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Jordan - History


Jordan History

Until the early 20th century, Jordan was part of Palestine, most of which is now the State of Israel. The area is home to one of the oldest civilisations in the world - archaelogical finds from the west bank of the Jordan River have been dated at around 9000 BC. From 3000 BC the area was inhabited by the Canaanites and Amorites, and after them the armies of Sargon, king of Sumer and Akkad. Around 1800 BC Abraham led a group of nomads from Mesopotamia and settled in the mountains of Canaan (which roughly corresponds to present-day Israel). By 1023 BC the Israelites had formed a kingdom, led by Saul and then David, who captured Jerusalem and made it his capital. The unstoppable Roman Empire took Israel in 63 BC and placed it under the control of a series of consuls, including Herod the Great and Pontius Pilate. It was at this time that Jesus was believed to have lived and preached in the area. The increasing insanity of the Empire under Caligula prompted a series of Jewish uprisings, which lasted for years but were finally crushed when Jerusalem was razed and the province of Palestine decreed. This defeat marked the end of the Jewish state and the beginning of the Diaspora, the scattering of the Jewish people.

In 331 AD Emperor Constantine became a Christian and gave his official stamp of approval to the previously illegal religion. Suddenly everyone wanted to know about the Holy Land, and a rash of buildings, including the churches of the Holy Sepulchre and the Nativity, sprang up all over Palestine to mark sites of religious importance. But Christianity's hold over the country was not to last long - in 638 AD Jerusalem fell to Caliph Omar and was declared a Holy City of Islam, on the grounds that the Prophet Mohammed had ascended to heaven from atop the Temple Mount. Christians around the world raised their hackles at this desecration, and by 1099 they'd scrounged a crusading army together and occupied Jerusalem, murdering everyone they could get their hands on and beginning nearly 100 years of Christian rule. But by 1187 the Muslims again had the upper hand - after decades of Christian/Muslim scuffling, the Islamic Mamluks knocked over the last Crusader stronghold in 1291.

The next 500 years were some of the quietest Palestine has seen. Empires rose and fell, and control of the country changed hands with monotonous regularity, eventually coming to rest in the hands of the Ottoman Empire. Much of desert Jordan sidestepped all this change and remained a Bedouin stronghold.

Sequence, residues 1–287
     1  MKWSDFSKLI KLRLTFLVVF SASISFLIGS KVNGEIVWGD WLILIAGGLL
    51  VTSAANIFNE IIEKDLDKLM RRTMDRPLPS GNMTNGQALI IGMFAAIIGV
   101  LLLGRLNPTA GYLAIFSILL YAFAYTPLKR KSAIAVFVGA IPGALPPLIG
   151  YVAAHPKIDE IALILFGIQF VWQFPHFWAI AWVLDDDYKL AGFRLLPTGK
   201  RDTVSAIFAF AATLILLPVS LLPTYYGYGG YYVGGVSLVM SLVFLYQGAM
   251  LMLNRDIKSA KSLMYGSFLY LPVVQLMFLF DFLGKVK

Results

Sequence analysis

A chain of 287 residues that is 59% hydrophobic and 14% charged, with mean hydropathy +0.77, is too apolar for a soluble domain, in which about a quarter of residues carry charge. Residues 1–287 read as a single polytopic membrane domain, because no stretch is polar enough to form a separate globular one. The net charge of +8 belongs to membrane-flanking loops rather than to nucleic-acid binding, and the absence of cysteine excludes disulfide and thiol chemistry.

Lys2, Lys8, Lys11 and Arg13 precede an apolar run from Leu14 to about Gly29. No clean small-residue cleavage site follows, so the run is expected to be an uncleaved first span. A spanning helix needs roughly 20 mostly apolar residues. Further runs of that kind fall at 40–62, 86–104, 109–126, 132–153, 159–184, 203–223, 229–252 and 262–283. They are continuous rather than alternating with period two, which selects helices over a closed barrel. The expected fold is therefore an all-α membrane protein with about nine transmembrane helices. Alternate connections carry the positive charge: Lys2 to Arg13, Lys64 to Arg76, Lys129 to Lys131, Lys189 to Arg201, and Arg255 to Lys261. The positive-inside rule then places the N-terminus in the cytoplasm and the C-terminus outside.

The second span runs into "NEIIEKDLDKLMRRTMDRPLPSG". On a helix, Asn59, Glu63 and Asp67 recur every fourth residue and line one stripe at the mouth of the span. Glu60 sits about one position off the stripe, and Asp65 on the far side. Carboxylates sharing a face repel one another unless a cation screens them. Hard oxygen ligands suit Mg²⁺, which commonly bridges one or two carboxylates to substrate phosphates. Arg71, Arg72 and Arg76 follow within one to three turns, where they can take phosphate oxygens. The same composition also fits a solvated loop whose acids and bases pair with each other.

When the Ottoman Empire collapsed after WWI, Britain took control of Palestine and created the state of Transjordan, under the rule of King Abdullah.

In 1948 Israeli Arabs and Jews went to war with one another. While everyone was distracted, Transjordan snapped up the West Bank and part of Jerusalem, then renamed itself Jordan. In 1953 King Hussein took the throne and Jordan entered a boom period, with a rise in tourism and plenty of aid flowing in from the USA. The Six Day War of 1967 put paid to Jordan's burgeoning tourist industry when Israel retook the West Bank and half of that huge drawcard, Jerusalem. In six days Jordan lost its money spinner and its agricultural land, and replaced them with a few thousand refugees as Palestinians streamed in from the Occupied Territories. By the 1970s, the PLO component of the refugee population was threatening King Hussein's power, and a bloody internal war began, ending when most of the radicals moved to Lebanon.

In 1994 Jordan and Israel signed a peace treaty, agreeing to drop economic barriers and cooperate on security and water. This raised concerns among Palestinians that they will be eased out of the region, as Israel and Jordan divide the spoils between themselves. At the same time, Jordan has been increasing its links with Yasser Arafat's Palestine National Authority and working toward agreements with them. In recent years Jordan has also restored relations - cut during the 1991 Gulf War - with Kuwait and Saudi Arabia. King Hussein had begun moving the country towards democracy, with the Islamic Action Front (with its links to the Muslim Brotherhood and fairly fundamentalist policies) the most successful party so far, but his death in February 1999 has left the future uncertain. The king named his eldest son, King Abdullah II, successor to the throne just weeks before dying, although the Constitution stipulates that both parents of the king must be Arab and Muslim by birth (Abdullah's mother was a British citizen who embraced Islam prior to marrying King Hussein).

King Abdullah, the sort of monarch who enjoys dressing up as a taxi driver and talking with his subjects incognito, enjoys the growing support of the international community as well as most Jordanians, including the large and influential Palestinian community that appreciates his wife's Palestinian heritage. He says he will continue his father's mission to help stabilize the region, while working internally for a more democratic government, freer press and increased equality for women.



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